How can Hawaii, which relies on oil to import 80% of its food 2,500 miles from the mainland, have the greenest city in the United States?
How could the smoggy, sprawling capital of traffic-snarled Southern California rank second?
It seems incredible, but Honolulu ranked first, and Los Angeles, Santa Ana and Long Beach together ranked second, in a new Metropolitan Policy Program at Brookings analysis of greenhouse gas emissions from the 100 largest metropolitan areas in the United States.
The worst polluters were clustered in the Southeastern U.S., and all but one of the top 10 worst polluters was east of the Mississippi.
One important caveat: The scores were based on carbon dioxide per resident, so the jet flights from all those tourists that make Honolulu's economy work don't count against it. In fact, airplane traffic isn't included in the analysis at all. Nor are commercial buildings. Here's how Brookings describes the limitations of its data:
"To produce comparable carbon footprints for the 100 largest metropolitan areas, the authors examined national databases for passenger and freight transportation and for energy consumption in residential buildings. These estimates are as current as data sources will allow across metro areas, yet at the same time they are incomplete. Major omissions are the carbon emissions from commercial buildings, industry, and other modes of transportation such as planes, transit, and trains. These sources account for roughly half of national emissions. For this reason, results for any particular metropolitan area should be treated with caution. Still, the majority of commercial buildings are powered by electricity derived largely from coal, and their spatial arrangement would be expected to follow the general compactness and density characteristics of residential developments in a metro area. Thus, their footprints are likely to resemble those reported here for residential buildings, although this remains to be seen."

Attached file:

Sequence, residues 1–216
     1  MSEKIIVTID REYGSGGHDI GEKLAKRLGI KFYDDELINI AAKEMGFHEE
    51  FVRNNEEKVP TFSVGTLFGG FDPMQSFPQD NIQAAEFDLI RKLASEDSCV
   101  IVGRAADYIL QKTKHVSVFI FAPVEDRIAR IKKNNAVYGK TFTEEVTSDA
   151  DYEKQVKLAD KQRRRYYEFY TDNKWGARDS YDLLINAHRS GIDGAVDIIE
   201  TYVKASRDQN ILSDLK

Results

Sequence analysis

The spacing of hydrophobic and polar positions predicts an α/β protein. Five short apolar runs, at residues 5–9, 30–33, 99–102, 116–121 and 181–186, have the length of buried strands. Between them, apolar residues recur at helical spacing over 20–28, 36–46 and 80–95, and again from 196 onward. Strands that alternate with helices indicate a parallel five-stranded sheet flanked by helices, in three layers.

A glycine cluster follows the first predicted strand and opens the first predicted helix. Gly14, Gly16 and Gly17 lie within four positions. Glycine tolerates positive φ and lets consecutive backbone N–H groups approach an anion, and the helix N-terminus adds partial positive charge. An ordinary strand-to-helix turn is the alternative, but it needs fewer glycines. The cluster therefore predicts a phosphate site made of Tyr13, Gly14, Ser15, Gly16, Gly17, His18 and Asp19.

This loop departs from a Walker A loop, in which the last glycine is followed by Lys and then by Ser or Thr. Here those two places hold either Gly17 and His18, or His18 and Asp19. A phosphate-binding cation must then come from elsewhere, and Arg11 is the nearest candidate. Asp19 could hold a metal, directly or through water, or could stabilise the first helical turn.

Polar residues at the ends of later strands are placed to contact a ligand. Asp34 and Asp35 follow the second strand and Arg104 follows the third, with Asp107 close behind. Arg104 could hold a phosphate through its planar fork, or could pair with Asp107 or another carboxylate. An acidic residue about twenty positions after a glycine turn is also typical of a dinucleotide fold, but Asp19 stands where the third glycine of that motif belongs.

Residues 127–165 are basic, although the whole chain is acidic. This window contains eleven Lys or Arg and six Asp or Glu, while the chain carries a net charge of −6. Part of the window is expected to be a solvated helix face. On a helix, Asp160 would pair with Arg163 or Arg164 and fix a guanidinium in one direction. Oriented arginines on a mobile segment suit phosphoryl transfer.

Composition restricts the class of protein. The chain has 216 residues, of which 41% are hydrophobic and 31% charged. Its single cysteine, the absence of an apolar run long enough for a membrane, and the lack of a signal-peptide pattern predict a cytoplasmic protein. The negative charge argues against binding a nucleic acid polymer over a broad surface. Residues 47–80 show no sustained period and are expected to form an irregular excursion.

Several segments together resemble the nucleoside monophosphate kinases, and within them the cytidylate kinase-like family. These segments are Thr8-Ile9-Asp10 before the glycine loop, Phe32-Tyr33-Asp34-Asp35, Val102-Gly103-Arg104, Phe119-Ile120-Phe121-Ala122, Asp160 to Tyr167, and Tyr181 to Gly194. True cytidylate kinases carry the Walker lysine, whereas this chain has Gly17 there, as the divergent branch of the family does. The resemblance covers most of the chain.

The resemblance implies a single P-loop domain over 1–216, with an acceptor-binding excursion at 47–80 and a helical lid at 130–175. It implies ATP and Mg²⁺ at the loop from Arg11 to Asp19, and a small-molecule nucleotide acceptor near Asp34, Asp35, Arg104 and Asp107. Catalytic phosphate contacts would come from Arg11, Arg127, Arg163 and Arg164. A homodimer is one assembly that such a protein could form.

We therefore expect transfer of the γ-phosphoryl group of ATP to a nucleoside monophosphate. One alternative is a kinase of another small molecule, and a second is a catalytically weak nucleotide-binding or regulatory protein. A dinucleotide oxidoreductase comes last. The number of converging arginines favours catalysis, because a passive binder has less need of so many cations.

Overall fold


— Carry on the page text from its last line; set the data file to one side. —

Neysa C. Pranger, director of Public Affairs for the Regional Plan Association, a partner in the report, added this about Los Angeles:
"Emissions numbers for California used a statewide average. Apparently in northern California, energy production is very green, while in southern California it is not so good. The break down couldnt happen with a high degree of accuracy, so the report uses a statewide average which made LA look better than it is."
Still, many of the points made in the report have obvious merit:
We need better public transportation and smarter housing developments that cluster homes within walking or biking distance from work, school, entertainment and transit hubs. Why? It will cut down on the need for people to drive so frequently, or so far. In other words, we need to rein in sprawl and retrofit suburbs so they can reach a sustainable level of energy consumption.
Transportation accounts for 33% of the nation's greenhouse gas emissions, with car traffic representing the biggest slice of the transportation pie (though freight and light trucks together account for more).
We need to tell home buyers how much their monthly energy bills will be, so they can factor that into mortgage financing to "stimulate and scale up energy-efficient retrofitting of residential housing." Not only that, but the new houses we build need to be smaller and more energy-efficient. Buildings (commercial and residential, but not industrial) account for 38% of the nation's greenhouse gas pollution.
We need to use electricity more efficiently, a challenge that grows more acute with every new computer, video game, cell phone or other electronic device plugged into the wall. Electricity use accounts for more than half of most home's energy consumption, though heating and cooling also represent big contributions bigger the bigger the home.
We need to make sure federal incentives promote sound land- and energy-use decisions, so we stop subsidizing commuting and sprawl.
The overriding point of the report is this: Cities and metropolitan areas are more highly efficient than sprawling suburbs, and there's also more room for improvement to sustainable energy use in the nation's largest metropolitan areas, where two-thirds of the population lives. Among the metropolitan areas (a Census term that lumps some adjacent cities and suburbs into single units) the worst cause up to three times more pollution than the best.
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